Students and staff required to mask up again regardless of vaccination status
RIPLEY — In an effort to remain in-person, the Jackson County School Board voted to re-enact its mask mandate for grades K-12 while indoors and on school buses indefinitely Thursday. The policy will go into effect Tuesday, Sept. 7.
The policy also applies to all staff and school visitors, regardless of vaccination status. Student-athletes who are competing indoors will not be required to wear masks while playing.
The decision comes after a high volume of student quarantines. Blaine Hess, Jackson County Schools’ superintendent, said Thursday 523 students had been quarantined since school began Aug. 18. During the 2020-21 school year, the final total of students who quarantined was 2,529, Hess said.
When discussing the mask mandate, several board members said masks aren’t their first option — citing that they may be uncomfortable at times — but they are the best way to keep students in schools.
Jackson County School Board member Bea Isner was concerned that if masks aren't enforced, in-person learning would soon shut down.
"I know masks are uncomfortable for children, I know that," Isner said. "But, I also know that social isolation when we're in remote learning, when we're not in school, is impacting our kids' mental health."
Prior to making the decision, members of the community spoke about their concerns.
Adena Barnette, a Ripley High School teacher, said more than 40 of her 150 students are quarantining. There are faces missing from her classroom and a wave of emails in her inbox. Students in quarantine are asking questions about assignments.
As she stood before the board, her voice shook as she asked the board to do something to lower the number of quarantines.
"The numbers don't lie," Barnette said. "Something's got to give."
When asked what it's been like to have so many students in quarantine only 12 days into the school year, Barnette's eyes turned red.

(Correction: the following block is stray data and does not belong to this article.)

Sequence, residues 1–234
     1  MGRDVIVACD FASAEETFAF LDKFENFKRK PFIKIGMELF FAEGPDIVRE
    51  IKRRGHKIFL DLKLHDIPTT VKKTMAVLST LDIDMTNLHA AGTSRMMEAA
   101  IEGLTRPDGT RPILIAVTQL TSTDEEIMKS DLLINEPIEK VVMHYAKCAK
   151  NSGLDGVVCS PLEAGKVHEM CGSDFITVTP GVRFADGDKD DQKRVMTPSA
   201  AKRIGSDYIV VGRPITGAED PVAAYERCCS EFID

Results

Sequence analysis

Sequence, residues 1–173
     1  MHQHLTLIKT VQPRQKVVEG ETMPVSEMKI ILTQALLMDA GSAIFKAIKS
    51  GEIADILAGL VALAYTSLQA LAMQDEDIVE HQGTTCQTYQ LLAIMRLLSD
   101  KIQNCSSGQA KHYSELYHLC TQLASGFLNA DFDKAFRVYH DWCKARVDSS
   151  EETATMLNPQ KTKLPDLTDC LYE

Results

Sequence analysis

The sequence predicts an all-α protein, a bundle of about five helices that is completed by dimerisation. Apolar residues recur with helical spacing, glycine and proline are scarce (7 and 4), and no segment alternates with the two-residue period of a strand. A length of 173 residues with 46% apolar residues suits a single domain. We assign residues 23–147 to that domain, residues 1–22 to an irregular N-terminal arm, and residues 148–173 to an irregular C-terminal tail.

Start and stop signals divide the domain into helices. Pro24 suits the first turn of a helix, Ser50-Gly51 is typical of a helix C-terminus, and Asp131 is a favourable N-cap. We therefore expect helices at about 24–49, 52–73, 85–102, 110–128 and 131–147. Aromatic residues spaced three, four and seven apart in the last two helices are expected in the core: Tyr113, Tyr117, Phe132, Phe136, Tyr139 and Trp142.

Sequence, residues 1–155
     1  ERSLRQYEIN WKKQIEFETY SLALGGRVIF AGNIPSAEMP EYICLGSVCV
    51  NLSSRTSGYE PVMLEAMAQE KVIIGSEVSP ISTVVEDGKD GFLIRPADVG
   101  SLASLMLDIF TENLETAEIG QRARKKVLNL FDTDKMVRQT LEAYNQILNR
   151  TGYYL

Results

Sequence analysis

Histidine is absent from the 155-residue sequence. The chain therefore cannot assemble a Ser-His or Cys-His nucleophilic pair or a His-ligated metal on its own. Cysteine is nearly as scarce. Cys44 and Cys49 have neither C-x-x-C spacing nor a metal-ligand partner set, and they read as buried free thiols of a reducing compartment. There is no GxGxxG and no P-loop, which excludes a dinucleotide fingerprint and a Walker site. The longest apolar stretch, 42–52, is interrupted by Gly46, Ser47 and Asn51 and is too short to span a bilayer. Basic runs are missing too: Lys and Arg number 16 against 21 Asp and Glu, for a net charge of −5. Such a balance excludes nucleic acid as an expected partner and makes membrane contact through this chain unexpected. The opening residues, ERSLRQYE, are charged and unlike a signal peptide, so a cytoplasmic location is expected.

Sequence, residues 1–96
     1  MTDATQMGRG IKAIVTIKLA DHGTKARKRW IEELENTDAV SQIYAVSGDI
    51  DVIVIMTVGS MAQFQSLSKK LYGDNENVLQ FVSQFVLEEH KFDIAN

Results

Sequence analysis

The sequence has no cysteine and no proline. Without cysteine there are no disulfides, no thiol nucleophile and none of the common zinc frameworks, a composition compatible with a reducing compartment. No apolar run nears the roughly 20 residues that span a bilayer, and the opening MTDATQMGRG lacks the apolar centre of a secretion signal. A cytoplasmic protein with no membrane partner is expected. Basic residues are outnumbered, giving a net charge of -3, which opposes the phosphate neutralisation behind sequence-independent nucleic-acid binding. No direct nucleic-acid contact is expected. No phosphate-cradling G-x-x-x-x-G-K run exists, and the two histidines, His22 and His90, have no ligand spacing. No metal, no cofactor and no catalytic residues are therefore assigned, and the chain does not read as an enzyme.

"It breaks my heart because we had so much hope for this year that maybe we were going to get back to a sense of normalcy," She said. "It's not the case."
She said it's hard for her to teach when she's missing eight to 10 students per class.
But there was some opposition.
Jackson County Schools parent Misty Snyder condemned the board for even having the mask mandate reconsideration on the agenda.
"How dare you take my right to decide what's best for my child away," Snyder proclaimed.
Board member Steve Chancey seconded board president Jim Frazier's motion for the mask requirement. He was discussing how he had been to a packed school gym recently and there wasn't a mask in sight.
"This [mask] recommendation, it's just not getting the job done," Chancey said. "We've had one of our school secretaries die from COVID, and I would hate to think some child in the Jackson County School system died when I could have done something about it."
Snyder tried to speak while Chancey was addressing the board. Frazier said the public forum was closed and they weren't taking public comment at that time.
The schools will provide masks for those who come to school or get on the buses without one. Frazier said the board may revisit the mask policy once the county gets out of the red COVID case count.
— Katelyn Waltemyer (she/her) is the General Assignment and Enterprise Reporter for Jackson Newspapers in Jackson County, West Virginia. Have a news tip on local government or education? Or a good feature? You can reach Katelyn at email@example.com. Follow her on Twitter @Kate_Waltemyer.